Introduction: Helical Vawt (blades and Charge Controller)

About: general bloke type of tinkering

A PVC bladed type of helical wind turbine, inspired by the 3 bladed version of TyPower2. In an attempt to emulate the Savonius profile, I used a heat gun to curve the blade tips.

To produce usable power one needs:

  • a turbine, wind or water.
  • a generator, coupled to the turbine.
  • a rectifier to convert the ac output from the generator to dc for battery charging.
  • a storage battery, usually lead acid deep cycle.
  • a charge controller to prevent overcharging which kills battery life.

This instructable deals with the turbine construction, which will be matched to an optimum generator( no idea yet).

The rectifier will be 2 x Full Wave Silicon Bridge Rectifier 35A 400V, more than adequate, but if you have access to a 3 phase rectifier, so much the better.

For the charge controller, I'll be using the Mdavis19 award winning 555 design, the updated 555 design on his website.

I havent had much success with diy pcb's, so I'm going the veroboard route using DIYLC v3 for the component layout software.

Step 1: The PVC Blades

The design began with an idea of 1 metre wide turbine and evolved from there. Using 40mm dia pvc tube, I would need 30 blades to achieve my initial 180 degree twist, which meant the height would be in the 1.4m range.

I sliced the 30 0.5m sections in half and used a pvc joiner for cost reasons, Id only need 15m of tube instead of 30m using other cut methods. First a jig was built to see how feasible it was to cut pvc length wise, it worked well enough and so each 1/2m section was marked prior to the tedious cutting job.

When making 4 marks on the tube the 2nd set of marks always seemed to rotate in relation to the first set, and so I devised an easier method. I made 2 marks on the tube 180 degrees apart and on a table, leaned a ruler against the tube and then drew a line down the tube.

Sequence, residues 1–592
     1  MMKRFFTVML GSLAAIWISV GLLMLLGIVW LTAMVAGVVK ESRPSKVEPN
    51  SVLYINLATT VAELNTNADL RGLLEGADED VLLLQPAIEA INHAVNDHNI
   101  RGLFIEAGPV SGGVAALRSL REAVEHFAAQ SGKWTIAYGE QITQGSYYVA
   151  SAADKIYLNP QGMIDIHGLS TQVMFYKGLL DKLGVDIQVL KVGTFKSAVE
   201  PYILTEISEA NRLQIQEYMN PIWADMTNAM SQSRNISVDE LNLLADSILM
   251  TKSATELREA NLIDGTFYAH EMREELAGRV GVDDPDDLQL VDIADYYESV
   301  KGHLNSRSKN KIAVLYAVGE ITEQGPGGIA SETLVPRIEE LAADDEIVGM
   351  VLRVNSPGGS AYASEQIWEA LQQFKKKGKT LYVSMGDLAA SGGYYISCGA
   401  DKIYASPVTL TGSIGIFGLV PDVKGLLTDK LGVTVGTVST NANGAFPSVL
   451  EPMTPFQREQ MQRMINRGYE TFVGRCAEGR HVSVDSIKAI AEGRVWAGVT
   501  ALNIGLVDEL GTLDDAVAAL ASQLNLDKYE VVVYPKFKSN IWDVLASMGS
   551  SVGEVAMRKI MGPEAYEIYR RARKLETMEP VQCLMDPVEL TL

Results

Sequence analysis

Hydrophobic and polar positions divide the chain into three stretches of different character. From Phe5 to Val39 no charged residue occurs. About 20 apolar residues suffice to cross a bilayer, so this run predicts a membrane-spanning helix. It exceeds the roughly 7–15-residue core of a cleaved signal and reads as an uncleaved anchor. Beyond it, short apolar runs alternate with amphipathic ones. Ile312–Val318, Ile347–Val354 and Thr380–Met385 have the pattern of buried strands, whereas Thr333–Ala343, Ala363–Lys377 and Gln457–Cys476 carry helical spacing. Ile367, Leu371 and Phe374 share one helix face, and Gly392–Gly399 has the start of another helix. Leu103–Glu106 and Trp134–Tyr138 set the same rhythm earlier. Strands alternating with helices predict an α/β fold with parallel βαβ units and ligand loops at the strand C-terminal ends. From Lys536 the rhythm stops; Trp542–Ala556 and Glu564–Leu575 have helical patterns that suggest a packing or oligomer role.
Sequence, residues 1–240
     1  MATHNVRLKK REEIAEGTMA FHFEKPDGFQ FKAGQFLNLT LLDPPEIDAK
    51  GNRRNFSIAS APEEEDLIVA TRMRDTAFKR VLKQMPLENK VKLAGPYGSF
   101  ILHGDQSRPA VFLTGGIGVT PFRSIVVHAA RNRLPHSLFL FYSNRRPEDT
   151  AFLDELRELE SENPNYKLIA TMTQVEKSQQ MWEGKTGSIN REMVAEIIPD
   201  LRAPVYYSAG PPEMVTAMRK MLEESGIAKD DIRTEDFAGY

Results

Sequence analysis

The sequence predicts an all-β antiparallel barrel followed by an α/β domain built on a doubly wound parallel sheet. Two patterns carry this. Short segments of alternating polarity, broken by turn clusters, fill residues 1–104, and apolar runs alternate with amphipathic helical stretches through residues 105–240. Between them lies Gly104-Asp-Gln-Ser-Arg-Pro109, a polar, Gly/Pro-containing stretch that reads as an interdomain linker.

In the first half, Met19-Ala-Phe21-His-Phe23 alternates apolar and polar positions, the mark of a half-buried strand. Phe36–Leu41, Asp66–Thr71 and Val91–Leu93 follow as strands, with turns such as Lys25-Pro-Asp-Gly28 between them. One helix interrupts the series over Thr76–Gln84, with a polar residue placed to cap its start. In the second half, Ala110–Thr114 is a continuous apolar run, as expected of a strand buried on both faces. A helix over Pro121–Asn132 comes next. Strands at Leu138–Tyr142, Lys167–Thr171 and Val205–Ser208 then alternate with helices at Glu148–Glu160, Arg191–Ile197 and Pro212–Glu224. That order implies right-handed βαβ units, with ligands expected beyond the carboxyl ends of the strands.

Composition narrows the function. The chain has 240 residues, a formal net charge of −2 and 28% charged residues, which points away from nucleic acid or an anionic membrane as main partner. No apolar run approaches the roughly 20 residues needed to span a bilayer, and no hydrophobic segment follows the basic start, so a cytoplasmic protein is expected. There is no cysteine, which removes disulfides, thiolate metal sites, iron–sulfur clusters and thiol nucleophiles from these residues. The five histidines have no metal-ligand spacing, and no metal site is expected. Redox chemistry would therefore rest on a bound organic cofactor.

Main tools used here were the jigsaw, a small desktop drill press to make the perpendicular axle blade mount holes, and a lathe to cut out the ridge inside the pvc join fitting which prevented the tube from sliding right through, I wanted a bit of overlap to make a better blade joint.

Step 2: Blade Tip Bending Jig

This was my method of bending the tips into an approximate ideal Savonius shape using a heat gun and plywood jig. Hindsight has shown that it would have been a better idea to have had a full length jig to clamp down the main section while the tip was being bent, but it seemed quicker at the time to have a dowel for length indication in the back.

A dry test fit will highlight if any blades touch each other due to too much tip twist, keep the heat gun handy to rectify twists or warps.

When heat forming keep a cool wet cloth handy to "set" the hot bend with a quick wipe when you have it at the desired shape, it also protects your left hand that holds down the tube while forming it.

Main tool used here was the heatgun on low power which was sufficient to turn the pvc into soggy spaghetti, the forming temp indicator.

Step 3: Holding It Together

The frame has to be resistant to twisting to prevent the binding of the upper and lower bearings due to misalignment, as well as provide a housing for the bearings. The vertical and bottom arm are 25mm x 50mm x 1.6mm rectangle steel, the top was a scrap 25mm x 38mm that was at hand.

For the bearing recesses, I cut a slice out of a steel tube, squeezed it shut around the bearing and slid it into the hole in the ends of the cross member arms.